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Scythians

SCYTHIANS

The Scythians were a large confederation of Iranian-speaking (or headed by an Iranian-speaking military-political elite) tribal unions, known in classical sources since around the eighth century b.c.e. or about the time they migrated to the North Pontic steppe zone where they supplanted and apparently absorbed some of the Cimmerians who occupied the region. As with their predecessors, it is not clear from where the Scythians migrated, but their most likely homeland was Central Asia from where they moved under pressure of other nomadic peoples. Organized in supra-tribal confederations, the Scythians made raids and full-blown invasions from the northern Caucasus into Media and Assyria in northern Mesopotamia, reaching as far as Palestine and Egypt throughout the period of 670610 b.c.e. After suffering major defeats towards the end of the seventh century, they transferred their locus of power to the North Pontic region. By the third century b.c.e., the Scythians came under pressure of the nomadic Sarmatians who destroyed and absorbed most of them into their loosely-organized tribal structure.

Nomadic in origins, the Scythian peoples and the "Scythian" culture also included agriculturalists and hunter-gatherers who paid tribute to their nomadic lords with grain and other goods that the nomads could not produce themselves. In turn, these items were traded with the Greek colonial cities of the northern Black Sea region for wine, precious metals, and other goods.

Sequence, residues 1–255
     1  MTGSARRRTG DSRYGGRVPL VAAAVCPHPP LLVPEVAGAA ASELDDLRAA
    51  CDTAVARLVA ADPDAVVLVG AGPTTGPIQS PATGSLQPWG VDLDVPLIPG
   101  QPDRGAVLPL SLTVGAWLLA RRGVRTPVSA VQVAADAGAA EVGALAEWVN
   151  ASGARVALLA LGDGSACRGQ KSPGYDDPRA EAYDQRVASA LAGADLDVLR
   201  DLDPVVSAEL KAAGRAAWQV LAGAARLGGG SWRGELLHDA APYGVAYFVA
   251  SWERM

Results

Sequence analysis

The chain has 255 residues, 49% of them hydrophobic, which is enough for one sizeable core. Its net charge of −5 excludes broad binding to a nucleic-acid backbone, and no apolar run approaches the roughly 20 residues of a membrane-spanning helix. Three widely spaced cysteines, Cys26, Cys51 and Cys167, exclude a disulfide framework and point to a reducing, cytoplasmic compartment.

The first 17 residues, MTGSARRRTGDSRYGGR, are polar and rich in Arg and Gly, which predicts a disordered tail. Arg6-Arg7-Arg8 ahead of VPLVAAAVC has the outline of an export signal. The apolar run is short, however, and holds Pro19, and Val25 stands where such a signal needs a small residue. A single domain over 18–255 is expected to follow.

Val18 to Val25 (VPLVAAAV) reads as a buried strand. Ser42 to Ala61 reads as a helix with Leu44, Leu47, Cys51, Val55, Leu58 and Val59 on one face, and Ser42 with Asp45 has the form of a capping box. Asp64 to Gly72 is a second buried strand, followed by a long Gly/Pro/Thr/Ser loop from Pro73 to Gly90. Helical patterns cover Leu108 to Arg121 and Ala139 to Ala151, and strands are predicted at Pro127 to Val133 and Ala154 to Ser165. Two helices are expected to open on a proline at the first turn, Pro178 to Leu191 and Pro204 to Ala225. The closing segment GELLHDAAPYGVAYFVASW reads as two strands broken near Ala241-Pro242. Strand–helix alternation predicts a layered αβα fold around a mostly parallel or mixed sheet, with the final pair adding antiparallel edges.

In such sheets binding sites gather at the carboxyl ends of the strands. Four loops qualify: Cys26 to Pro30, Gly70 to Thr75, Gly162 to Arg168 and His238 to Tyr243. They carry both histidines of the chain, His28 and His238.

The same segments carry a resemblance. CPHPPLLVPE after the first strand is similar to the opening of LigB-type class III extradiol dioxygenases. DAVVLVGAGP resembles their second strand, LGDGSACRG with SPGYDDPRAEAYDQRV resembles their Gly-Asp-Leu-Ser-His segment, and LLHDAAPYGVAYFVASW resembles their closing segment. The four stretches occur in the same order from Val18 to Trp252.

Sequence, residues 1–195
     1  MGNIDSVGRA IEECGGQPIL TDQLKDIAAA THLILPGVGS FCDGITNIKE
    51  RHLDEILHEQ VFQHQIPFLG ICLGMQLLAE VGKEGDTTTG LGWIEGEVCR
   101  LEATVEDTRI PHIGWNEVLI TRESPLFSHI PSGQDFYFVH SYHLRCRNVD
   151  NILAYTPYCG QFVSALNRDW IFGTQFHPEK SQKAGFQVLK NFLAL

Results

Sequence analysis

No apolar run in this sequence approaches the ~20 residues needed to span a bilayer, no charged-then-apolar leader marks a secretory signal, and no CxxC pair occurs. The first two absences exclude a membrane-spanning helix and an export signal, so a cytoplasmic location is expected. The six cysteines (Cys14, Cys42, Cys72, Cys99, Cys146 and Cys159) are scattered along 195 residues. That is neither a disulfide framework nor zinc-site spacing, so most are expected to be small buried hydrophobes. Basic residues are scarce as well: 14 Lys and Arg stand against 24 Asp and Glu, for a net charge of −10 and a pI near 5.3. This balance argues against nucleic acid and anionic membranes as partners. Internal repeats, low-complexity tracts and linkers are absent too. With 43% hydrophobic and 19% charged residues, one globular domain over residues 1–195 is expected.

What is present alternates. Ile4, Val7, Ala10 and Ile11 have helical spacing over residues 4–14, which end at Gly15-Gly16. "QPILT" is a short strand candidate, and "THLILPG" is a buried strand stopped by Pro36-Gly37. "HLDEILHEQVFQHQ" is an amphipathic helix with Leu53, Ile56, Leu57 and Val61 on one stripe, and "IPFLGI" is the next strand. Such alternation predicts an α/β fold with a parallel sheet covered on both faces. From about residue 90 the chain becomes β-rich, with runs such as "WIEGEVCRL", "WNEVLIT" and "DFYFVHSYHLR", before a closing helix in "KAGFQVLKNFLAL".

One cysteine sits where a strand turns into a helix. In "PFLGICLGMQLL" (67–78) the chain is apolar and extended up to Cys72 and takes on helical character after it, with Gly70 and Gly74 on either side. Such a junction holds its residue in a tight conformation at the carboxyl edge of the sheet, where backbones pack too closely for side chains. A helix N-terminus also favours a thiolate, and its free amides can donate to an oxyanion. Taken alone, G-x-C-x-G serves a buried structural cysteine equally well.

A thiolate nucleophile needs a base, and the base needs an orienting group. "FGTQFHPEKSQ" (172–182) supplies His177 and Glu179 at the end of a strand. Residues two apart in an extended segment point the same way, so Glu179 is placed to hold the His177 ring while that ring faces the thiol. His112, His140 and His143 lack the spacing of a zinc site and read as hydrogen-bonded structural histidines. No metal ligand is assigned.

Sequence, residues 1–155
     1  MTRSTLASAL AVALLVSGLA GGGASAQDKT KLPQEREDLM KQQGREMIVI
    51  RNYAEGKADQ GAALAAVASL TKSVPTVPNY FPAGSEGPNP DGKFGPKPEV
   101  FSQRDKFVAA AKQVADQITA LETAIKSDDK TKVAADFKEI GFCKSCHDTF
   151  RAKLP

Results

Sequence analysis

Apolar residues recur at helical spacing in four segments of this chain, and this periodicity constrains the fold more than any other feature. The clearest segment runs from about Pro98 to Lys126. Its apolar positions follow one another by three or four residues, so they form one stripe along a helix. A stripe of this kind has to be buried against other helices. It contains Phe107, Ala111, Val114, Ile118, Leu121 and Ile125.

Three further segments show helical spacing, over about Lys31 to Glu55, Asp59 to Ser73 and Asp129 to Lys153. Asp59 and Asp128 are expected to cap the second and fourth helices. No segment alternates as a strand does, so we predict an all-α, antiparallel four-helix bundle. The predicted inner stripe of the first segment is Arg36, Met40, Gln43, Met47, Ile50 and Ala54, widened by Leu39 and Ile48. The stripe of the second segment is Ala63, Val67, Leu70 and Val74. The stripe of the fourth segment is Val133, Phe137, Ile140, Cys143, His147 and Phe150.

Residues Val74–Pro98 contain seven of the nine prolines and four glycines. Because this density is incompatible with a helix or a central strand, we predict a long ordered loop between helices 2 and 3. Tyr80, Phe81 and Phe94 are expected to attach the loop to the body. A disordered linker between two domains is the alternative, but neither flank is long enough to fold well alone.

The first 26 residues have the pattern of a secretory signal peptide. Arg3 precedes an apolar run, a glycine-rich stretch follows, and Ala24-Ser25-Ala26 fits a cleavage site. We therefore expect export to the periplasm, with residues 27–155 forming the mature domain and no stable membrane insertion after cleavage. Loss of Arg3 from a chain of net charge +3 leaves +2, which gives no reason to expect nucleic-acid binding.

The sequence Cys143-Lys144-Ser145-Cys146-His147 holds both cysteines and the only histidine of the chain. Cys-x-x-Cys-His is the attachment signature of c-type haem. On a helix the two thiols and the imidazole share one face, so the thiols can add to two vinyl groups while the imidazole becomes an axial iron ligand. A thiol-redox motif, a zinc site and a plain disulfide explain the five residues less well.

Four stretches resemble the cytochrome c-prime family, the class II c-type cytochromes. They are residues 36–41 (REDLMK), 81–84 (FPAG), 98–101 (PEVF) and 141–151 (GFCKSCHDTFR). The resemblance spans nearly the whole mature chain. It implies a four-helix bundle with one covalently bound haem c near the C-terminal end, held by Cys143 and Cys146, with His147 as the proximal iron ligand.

While Scythia proper, as it was known in Greco-Roman sources, was located to the north of the Black Sea region (from the Danube to the lower Don and Volga), "Scythic" culture occupied a much greater territory of Eurasia, stretching as far east as southwestern Siberia and eastern Kazakhstan. Elements of this culture can be summarized as follows: the use of (1) iron; (2) short swords; (3) conservative artistic motifs (especially the animal style, e.g., the stag and the animal combat); (4) nomadic lifestyle organized around a patriarchal, little centralized social structure; (5) improved compound bows; (6) bronze cauldrons; (7) making of deerstones; and, (8) complex horse harness. All of these components were shared across a huge area not only by Iranian-speakers, but also by Turkic and Mongolian nomads of steppelands of Inner Eurasia.

See also: central asia; cimmerians; sarmatians

bibliography

Christian, David. (1998). A History of Russia, Central Asia and Mongolia Vol. 1: Inner Asia from Prehistory to the Mongol Empire. Oxford, UK/Malden, MA: Blackwell.

Golden, Peter B. (1990). "The Peoples of the South Russian Steppe." In The Cambridge History of Early Inner Asia. ed. Denis Sinor. Cambridge: Cambridge University Press.

Talbot-Rice, Tamara (1957). The Scythians [Ancient Peoples and Places, vol. 2], ed. G. Daniel. London: Thames and Hudson.

Roman K. Kovalev

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Scythians

Scythians Nomadic people who inhabited the steppes n of the Black Sea in the 1st millennium bc. In the 7th century bc, their territory extended into Mesopotamia, the Balkans, and Greece. Powerful warriors, their elaborate tombs contain evidence of great wealth. Pressure from the Sarmatians confined them to the Crimea (c.300 bc) and their culture disappeared.

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